And this beautiful hymn to Rome!
Leaving the Vatican, we skirted the murky Tiber and took the road abutting the old city wall. Bell towers and church spires punctuated every turn. All of a sudden, cacophony surrounded us, as we entered the narrow stone-paved streets. Overhead, drying laundry and jutting balconies hung like a makeshift web. The lowing of livestock being driven to slaughter was a constant ululation against the chattering of goodwives on their door stoops, shrieking children at play, the imploration of vagabonds in corners, and calls of vendors offering everything from relics to tableware. Clerics and nobles on horseback, surrounded by bravos, cantered past with imperious disregard for whomever they trampled. Packs of feral dogs fought over discarded leavings, while hogs rooted in the gutters. The stench of waste and troughs of slimy water brewed a putrid miasma in the air. Everything was loud, filthy, and dangerous. I adored it. Rome was my city. My home.
Lucrezia Borgia is a very controversial figure in history.
Some see her as quite a victim herself, some as the worst female creature ever.
The nice thing for a historical novelist, is that a lot of her life is plunged into the murky waters of rumors and legend, hence a lot of leeway available. Some readers may not agree with the choices Gortner made, but really at this point, we don’t have too many definitive documents proving he is right or wrong. The pope himself hid lots of facts, not hesitating to write Bulls fulls of lies, to cover his horrific deeds as well as those of his family.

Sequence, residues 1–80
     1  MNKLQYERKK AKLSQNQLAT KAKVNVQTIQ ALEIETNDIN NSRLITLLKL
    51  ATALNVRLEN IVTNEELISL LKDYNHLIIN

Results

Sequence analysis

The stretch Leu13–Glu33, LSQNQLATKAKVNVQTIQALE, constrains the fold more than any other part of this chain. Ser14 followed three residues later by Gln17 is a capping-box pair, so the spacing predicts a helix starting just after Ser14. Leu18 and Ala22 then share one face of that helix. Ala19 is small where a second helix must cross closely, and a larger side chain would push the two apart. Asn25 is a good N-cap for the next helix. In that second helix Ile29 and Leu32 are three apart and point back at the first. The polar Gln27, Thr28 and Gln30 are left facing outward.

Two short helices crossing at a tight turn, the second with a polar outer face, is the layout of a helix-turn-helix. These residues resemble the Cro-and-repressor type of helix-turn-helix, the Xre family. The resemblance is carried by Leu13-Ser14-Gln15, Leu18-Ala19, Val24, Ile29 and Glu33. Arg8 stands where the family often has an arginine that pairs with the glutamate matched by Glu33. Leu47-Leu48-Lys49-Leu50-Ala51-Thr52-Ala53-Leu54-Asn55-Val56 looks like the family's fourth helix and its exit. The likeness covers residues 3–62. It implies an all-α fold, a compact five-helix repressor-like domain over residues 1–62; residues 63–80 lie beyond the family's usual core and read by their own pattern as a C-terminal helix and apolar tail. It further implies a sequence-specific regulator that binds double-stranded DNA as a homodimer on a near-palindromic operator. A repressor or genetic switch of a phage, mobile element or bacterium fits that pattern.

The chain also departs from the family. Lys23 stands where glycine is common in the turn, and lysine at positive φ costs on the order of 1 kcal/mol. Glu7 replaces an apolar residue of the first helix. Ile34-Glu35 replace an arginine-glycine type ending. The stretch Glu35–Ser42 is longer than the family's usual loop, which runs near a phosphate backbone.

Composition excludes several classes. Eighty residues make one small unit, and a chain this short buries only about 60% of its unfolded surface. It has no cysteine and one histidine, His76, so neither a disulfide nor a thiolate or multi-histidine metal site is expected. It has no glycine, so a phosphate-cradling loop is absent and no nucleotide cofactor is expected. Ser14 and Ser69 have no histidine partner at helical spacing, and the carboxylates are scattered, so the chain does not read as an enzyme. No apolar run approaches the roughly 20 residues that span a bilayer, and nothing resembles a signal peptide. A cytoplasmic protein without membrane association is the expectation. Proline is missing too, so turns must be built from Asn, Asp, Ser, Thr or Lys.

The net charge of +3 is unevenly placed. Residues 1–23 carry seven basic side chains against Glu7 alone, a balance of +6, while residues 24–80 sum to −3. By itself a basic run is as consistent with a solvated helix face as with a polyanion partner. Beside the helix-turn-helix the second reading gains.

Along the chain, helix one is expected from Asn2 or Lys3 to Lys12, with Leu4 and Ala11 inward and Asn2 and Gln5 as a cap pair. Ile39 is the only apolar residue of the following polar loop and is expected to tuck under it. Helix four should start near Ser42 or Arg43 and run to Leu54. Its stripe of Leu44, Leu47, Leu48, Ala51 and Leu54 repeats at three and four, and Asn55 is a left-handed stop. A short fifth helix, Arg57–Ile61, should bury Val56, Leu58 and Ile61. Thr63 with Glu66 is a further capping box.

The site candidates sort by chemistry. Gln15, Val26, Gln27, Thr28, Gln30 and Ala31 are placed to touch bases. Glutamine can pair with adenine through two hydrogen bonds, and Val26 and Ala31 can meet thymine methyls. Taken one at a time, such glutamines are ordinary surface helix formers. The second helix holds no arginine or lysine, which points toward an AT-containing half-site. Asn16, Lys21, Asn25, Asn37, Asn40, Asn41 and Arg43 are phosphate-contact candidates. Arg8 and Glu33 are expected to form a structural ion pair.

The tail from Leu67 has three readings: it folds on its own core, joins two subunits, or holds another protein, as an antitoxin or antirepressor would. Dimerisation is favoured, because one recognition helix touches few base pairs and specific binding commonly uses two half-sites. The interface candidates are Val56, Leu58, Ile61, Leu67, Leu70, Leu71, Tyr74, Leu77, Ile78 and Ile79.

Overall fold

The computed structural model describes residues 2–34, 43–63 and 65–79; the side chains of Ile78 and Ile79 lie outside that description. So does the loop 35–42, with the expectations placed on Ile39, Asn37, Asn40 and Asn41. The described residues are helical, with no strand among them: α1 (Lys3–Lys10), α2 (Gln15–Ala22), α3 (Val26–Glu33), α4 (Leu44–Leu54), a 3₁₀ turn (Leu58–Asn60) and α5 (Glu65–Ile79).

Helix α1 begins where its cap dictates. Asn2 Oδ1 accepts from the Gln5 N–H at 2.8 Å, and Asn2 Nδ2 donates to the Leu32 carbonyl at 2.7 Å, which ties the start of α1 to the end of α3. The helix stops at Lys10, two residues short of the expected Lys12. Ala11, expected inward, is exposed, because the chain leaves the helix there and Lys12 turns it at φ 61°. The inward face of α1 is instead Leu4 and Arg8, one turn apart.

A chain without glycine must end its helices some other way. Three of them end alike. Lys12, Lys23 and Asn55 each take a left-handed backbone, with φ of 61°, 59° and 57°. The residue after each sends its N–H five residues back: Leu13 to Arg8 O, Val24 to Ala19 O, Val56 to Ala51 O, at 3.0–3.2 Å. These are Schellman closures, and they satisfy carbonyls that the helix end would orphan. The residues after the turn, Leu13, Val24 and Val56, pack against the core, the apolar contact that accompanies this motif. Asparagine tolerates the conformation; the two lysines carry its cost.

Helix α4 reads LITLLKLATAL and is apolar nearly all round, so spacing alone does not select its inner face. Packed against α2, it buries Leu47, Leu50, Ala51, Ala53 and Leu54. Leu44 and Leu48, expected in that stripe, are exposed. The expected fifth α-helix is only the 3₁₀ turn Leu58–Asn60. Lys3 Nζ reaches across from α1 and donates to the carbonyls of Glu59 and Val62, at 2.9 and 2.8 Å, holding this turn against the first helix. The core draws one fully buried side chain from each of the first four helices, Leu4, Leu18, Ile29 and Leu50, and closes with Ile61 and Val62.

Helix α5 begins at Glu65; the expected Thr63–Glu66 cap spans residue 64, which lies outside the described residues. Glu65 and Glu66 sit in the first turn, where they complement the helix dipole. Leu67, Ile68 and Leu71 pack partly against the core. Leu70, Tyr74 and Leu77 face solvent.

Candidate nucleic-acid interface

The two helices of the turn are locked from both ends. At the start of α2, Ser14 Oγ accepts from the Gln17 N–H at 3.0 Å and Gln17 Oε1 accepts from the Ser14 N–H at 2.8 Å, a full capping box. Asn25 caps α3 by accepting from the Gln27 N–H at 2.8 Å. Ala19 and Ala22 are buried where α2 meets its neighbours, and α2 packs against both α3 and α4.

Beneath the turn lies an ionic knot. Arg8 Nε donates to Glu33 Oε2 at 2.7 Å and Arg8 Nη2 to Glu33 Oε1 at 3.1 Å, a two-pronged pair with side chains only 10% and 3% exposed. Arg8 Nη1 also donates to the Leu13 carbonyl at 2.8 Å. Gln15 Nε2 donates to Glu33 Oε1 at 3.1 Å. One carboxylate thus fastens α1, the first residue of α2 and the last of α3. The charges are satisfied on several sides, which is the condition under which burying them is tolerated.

Because Gortner chose to focus on Lucrezia’s formative years, she tends to be shown in a rather positive way, especially as the story is told in her own voice, as it seems the author’s usual technique to portray his heroines. And he does a great job at that!
Though as I highlighted earlier, you can see she is not that innocent — and the many references to her family blood imply that she cannot be that different from them after all!
EN DEUX MOTS :
Histoire à la fois fascinante et horrible de la famille Borgia, durant les jeunes années de Lucrèce : entre 13 et 20 ans, elle en a déjà vu de toutes les couleurs. Très bonne allusion au contexte politique et historique, avec d’innoubliables descriptions de Rome !
VERDICT: Fascinating presentation of the quite horrible Borgia family with events presented from Lucrezia’s perspective as a young girl entering adulthood. Excellent political and historical context, and descriptions of Rome you will not easily forget.
WHAT IS IT ABOUT
For fans of Philippa Gregory and Alison Weir, a gripping novel that follows the extraordinary life of young Lucrezia Borgia, the legendary Renaissance Pope Alexander’s beautiful daughter. Was she the heartless seductress of legend? Or merely an unsuspecting pawn in a familial web, forced to choose between loyalty and her own survival?
Glamorous and predatory, the Borgias became Italy’s most ruthless and powerful family, electrifying and terrorizing their 15th-century Renaissance world.
To this day, Lucrezia Borgia is known as one of history’s most notorious villainesses, accused of incest and luring men to doom with her arsenal of poison.
International bestselling author C.W. Gortner’s new novel delves beyond the myth to depict Lucrezia in her own voice, from her pampered childhood in the palaces of Rome to her ill-fated, scandalous arranged marriages and complex relationship with her adored father and her rival brothers—brutal Juan and enigmatic Cesare.
This is the dramatic, untold story of a papal princess who came of age in an era of savage intrigue and unparalleled splendor, and whose courage led her to overcome the fate imposed on her by her Borgia blood.